Filters and freedom: Why the Supreme Court upheld library limits
Lost amid the news coverage and talk-radio buzz concerning last week’s U.S. Supreme Court decisions on affirmative action was another important case, decided the same day.
You may have seen a headline along these lines: “Supreme Court Upholds Filters on Online Porn in Libraries.”
Not much of a surprise there. No matter how you view the Supreme Court, no one would expect these nine robed jurists to allow 8-year-olds to access pornography on computers at a public library.
Yet the scope of the Internet-filtering law passed by Congress and the path that the Supreme Court took to reach this decision may surprise you.
At issue was a congressional mandate conditioning federal funds for Internet access in public libraries upon the installation of filtering software on all library computers. The software — developed by private companies that do not disclose exactly which sites they target — is supposed to block obscene pornographic images.
However, as the Supreme Court acknowledged, the software is flawed. It blocks content that is neither obscene nor pornographic. Because it operates through a text search, it may block a Web site referring to Super Bowl XXX at the same time it blocks XXX entertainment. Educational sites about court cases involving pornography can be blocked, along with sexually explicit sites.
America’s librarians have struggled with these issues for some time and didn’t need the intervention of Congress. Many had already struck a middle ground and placed filters on terminals for children, while providing full Internet access to adults using terminals in a separate section of the library.
It’s a common-sense solution that Congress rejected. Instead, lawmakers insisted that all computers be filtered and that the only way an adult can have the filter removed is by explaining that he or she needs the filter turned off for “bona fide research or other lawful purposes.”
Consider for a moment what this means. An adult library patron who seeks access to a Web site that is not obscene but is still blocked by the filter would have to explain to a government employee what he is researching and why this information is important. In the words of dissenting Justice John Paul Stevens, this is “a law that prohibits reading without official consent.”
The end result of the law is tantamount to a public library having a locked room containing hundreds of thousands of books identified by a private corporation as being inappropriate for library patrons. Many of the books in the library are lawful and constitutionally protected, but the private corporation doesn’t know how to keep those books out of the room. In order for an adult patron to look through that room, he has to explain his motives to a government official.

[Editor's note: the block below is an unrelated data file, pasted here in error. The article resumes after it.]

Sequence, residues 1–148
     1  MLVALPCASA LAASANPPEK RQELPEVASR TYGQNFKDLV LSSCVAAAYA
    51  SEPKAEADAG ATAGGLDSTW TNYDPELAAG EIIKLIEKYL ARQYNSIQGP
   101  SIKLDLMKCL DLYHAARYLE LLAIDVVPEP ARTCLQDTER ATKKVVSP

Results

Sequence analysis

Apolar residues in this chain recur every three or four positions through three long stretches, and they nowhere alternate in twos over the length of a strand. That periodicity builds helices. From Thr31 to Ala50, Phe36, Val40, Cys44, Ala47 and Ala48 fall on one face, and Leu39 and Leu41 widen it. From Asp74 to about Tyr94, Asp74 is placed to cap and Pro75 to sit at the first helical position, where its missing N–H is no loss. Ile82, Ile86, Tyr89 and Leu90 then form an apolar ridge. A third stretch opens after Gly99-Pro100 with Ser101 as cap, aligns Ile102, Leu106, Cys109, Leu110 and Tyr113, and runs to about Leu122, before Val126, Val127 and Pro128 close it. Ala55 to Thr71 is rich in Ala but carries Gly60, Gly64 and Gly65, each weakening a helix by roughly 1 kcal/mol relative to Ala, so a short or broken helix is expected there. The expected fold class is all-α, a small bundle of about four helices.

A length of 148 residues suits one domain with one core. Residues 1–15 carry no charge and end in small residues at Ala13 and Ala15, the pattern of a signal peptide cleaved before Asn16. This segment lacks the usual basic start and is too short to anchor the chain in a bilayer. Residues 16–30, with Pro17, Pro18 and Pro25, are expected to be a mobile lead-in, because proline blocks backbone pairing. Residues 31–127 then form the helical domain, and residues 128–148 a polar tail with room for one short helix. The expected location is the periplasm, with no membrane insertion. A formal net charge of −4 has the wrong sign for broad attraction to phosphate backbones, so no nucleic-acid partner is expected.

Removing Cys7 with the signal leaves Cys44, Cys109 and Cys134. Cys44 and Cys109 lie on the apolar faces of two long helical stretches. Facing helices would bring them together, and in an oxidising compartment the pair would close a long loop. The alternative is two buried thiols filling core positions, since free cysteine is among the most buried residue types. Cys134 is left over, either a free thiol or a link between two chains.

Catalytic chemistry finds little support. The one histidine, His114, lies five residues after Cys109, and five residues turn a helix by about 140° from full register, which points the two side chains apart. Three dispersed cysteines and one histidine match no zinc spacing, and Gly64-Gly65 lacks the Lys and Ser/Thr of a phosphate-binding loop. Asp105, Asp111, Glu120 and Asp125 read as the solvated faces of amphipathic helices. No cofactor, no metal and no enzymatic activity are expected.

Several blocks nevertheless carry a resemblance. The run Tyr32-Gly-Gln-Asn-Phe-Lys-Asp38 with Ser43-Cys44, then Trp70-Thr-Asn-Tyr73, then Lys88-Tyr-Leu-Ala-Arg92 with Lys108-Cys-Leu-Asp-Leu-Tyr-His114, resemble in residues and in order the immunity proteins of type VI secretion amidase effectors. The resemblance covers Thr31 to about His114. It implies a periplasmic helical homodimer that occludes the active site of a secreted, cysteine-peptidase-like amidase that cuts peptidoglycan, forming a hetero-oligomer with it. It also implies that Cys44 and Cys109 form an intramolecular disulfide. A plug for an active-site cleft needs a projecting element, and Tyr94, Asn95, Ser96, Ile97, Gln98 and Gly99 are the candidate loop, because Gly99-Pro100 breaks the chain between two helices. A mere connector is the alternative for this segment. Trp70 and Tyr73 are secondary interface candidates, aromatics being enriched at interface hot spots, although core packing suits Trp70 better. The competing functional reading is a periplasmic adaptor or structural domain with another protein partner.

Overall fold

In a pivotal 1997 case, the Supreme Court declared that content on the Internet is protected by the First Amendment. Many hoped that respect for the Internet would carry over to this case and either leave local library decisions to local librarians, or force Congress to come up with a rational scheme.
That didn’t happen. Instead, the Court upheld the law for two basic reasons.
First, the Court concluded that Congress has a right to place conditions on its funding and that libraries could avoid this restriction by simply turning down federal funds.
Second, and possibly more important, the Supreme Court ignored what the law actually said and instead relied on the arguments made by the government’s lawyers. The lawyers assured the Court that libraries would remove filters any time and every time an adult patron asks.
“If, on the request of an adult user, a librarian will unblock filtered material or disable the Internet software filter without significant delay, there is little to this case,” Justice Anthony Kennedy wrote in his concurring opinion.
But that’s not what the law says. The real question is whether the government will require a librarian to follow the letter of the law or simply meet the standards set by government lawyers as they tried to reassure the Court and win this case.
We’ll know soon. This case was taken to the Supreme Court by the American Library Association — an organization that remains vigilant in its defense of First Amendment freedoms and the rights of library patrons everywhere. If the government engages in heavy-handed efforts to keep adults from accessing constitutionally protected material on the Internet, the federal courts will soon see new test cases.
No one believes that children should be exposed to online pornography, but we can’t allow clumsy regulatory efforts to short-circuit Americans’ access to the most extraordinary information resource in the history of the world. We need to protect this vibrant and global marketplace of ideas.